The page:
Really Simple(?) Syndication (Chapter 18)

Posted on July 14, 2011

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It is called Really Simple Syndication, which seems to be just a way for the techies that created RSS to remind all of us of our stupidity.  After all, if I don’t understand Really SIMPLE Syndication, how smart can I be?  Yet, that is exactly how I’ve felt reading The Social Media Bible.  In so many of the chapters, Safko mentions something about including (fill in the blank) in an RSS feed so that people can subscribe to it.  I have the button on my blog, but I was feeling pretty clueless about everything else.  I was hopeful, though, because I knew that Safko would be explaining RSS later.  I just needed to make it to Chapter 18.

I came, I saw, and I have yet to conquer.  Perhaps I’m over thinking this whole thing.  Maybe Really Simple Syndication is actually simple.  I tried to tackle RSS from the consumer side of things.  Safko recommends getting a reader like iGoogle for your RSS subscriptions.  Silly me…I thought that when I “subscribed” to an RSS feed it was sent to my email.  I was wondering why I wasn’t getting anything in my email account.

Hopefully, your consumers/customers/associates are not as technically unsavvy as me.  I really thought that I had a handle on most of the basic social media tools, but the RSS feed had me over thinking everything.  Technical difficulties aside…having a link for an RSS feed seems like a no brainer for businesses and organizations wishing to keep others in the loop.  Aside from the light bulb that recently turned on relating to RSS, there was one other aha moment from Chapter 18.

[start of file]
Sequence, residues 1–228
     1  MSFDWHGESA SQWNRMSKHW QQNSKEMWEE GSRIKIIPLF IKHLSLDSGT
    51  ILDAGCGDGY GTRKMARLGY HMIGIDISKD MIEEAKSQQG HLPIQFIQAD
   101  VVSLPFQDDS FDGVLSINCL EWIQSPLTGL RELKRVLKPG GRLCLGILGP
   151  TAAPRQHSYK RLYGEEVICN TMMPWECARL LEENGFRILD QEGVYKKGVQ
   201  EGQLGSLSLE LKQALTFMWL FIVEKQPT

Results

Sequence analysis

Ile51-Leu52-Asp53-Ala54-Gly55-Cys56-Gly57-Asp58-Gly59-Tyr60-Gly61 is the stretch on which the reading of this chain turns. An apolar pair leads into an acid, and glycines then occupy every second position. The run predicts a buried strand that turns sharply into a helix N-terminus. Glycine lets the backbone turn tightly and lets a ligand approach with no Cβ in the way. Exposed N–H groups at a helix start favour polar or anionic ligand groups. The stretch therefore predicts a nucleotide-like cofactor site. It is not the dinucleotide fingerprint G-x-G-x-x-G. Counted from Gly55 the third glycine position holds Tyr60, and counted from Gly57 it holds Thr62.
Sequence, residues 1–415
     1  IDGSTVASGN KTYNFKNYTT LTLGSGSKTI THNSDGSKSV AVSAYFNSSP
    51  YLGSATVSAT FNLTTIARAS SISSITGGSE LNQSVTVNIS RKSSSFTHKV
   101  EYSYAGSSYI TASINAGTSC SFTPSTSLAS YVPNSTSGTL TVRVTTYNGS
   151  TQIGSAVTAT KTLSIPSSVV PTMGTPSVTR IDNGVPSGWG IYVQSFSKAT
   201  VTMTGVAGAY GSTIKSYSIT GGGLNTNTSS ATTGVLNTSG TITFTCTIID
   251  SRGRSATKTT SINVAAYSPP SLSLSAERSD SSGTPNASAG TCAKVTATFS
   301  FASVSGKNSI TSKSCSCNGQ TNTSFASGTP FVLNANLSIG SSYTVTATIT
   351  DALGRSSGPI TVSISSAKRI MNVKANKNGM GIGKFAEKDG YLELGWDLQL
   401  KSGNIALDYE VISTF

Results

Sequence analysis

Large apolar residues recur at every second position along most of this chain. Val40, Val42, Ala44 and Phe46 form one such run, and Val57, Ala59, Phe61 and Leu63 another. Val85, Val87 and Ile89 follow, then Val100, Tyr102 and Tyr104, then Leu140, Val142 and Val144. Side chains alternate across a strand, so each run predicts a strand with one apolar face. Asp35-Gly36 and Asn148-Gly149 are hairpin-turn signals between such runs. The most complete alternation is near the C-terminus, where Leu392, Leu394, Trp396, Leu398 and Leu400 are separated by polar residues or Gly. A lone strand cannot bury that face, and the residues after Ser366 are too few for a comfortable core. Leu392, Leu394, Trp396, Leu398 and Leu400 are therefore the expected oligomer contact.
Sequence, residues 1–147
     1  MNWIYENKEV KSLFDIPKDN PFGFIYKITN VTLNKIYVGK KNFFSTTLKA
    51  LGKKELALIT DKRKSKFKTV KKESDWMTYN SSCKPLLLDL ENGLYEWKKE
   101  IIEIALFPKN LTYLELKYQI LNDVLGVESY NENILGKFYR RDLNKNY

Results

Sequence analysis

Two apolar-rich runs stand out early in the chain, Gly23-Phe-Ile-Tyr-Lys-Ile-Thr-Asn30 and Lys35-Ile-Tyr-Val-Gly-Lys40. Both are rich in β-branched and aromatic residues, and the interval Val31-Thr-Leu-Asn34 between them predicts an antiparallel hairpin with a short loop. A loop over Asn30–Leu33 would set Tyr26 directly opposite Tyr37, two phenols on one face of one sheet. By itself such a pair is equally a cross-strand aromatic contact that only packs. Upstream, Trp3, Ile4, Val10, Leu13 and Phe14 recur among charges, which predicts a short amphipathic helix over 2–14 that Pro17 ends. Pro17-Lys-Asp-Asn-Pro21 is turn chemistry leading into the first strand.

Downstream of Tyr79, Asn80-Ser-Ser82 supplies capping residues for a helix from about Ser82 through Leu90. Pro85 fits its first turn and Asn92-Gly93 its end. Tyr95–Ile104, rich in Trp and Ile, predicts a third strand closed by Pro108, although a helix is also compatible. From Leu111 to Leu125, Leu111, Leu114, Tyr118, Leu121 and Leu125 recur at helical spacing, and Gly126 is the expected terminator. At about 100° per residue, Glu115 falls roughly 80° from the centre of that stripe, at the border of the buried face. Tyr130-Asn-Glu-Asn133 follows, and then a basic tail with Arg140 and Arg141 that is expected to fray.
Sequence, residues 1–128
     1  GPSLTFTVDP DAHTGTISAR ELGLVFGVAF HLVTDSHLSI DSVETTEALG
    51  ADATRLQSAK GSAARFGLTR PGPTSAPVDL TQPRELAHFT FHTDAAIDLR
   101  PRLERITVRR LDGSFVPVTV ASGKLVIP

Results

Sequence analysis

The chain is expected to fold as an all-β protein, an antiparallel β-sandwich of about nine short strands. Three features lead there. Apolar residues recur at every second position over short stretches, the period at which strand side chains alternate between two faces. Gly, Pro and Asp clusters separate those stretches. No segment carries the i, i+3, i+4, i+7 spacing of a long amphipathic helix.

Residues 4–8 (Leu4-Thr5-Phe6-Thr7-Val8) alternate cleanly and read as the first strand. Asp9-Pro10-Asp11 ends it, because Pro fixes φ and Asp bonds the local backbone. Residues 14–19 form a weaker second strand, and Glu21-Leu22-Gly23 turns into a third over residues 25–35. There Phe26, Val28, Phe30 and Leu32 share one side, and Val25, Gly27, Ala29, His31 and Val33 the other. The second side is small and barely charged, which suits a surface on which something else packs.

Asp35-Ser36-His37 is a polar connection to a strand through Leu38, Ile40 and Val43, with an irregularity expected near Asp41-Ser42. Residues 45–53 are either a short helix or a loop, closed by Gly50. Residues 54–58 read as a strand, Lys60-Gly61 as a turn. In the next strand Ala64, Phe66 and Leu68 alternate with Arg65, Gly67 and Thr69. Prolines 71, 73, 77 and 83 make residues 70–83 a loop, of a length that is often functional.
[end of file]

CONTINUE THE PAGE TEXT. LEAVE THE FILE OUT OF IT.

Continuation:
While discussing the ROI for B2B Twitter, Safko makes a quick mention of a Bit.ly URL.  Having seen URLs like these on many tweets, I checked out the website.  What I found was amazing!  Simple, yes (but that is the theme for this chapter).  At Bit.ly, you can change long URLs into a nice short one that works much better for Tweeting.  Do other people know these things, because I feel like I missed that page of the non-existent manual?

As for the RSS feed…how can we use it most effectively for marketing purposes?  Marketing blogger Patrick Schaber offered nine suggestions.

– Consistent Posting

– Have some original content (don’t just alter a few things on someone else’s article/post)

– Let Me Share (provide buttons for sharing)

– Break Up Your Text (use pictures)

– Forget the 30-part series

– Show Number of Comments

– Don’t Bombard the Reader (don’t try to sell product in every post)

– Title, Title, Title

– Give a Little (let readers get to know you through your RSS feed)

(see entire blog at http://www.lonelymarketer.com/2007/05/31/9-tips-for-rss-feed-marketing/)

 

 

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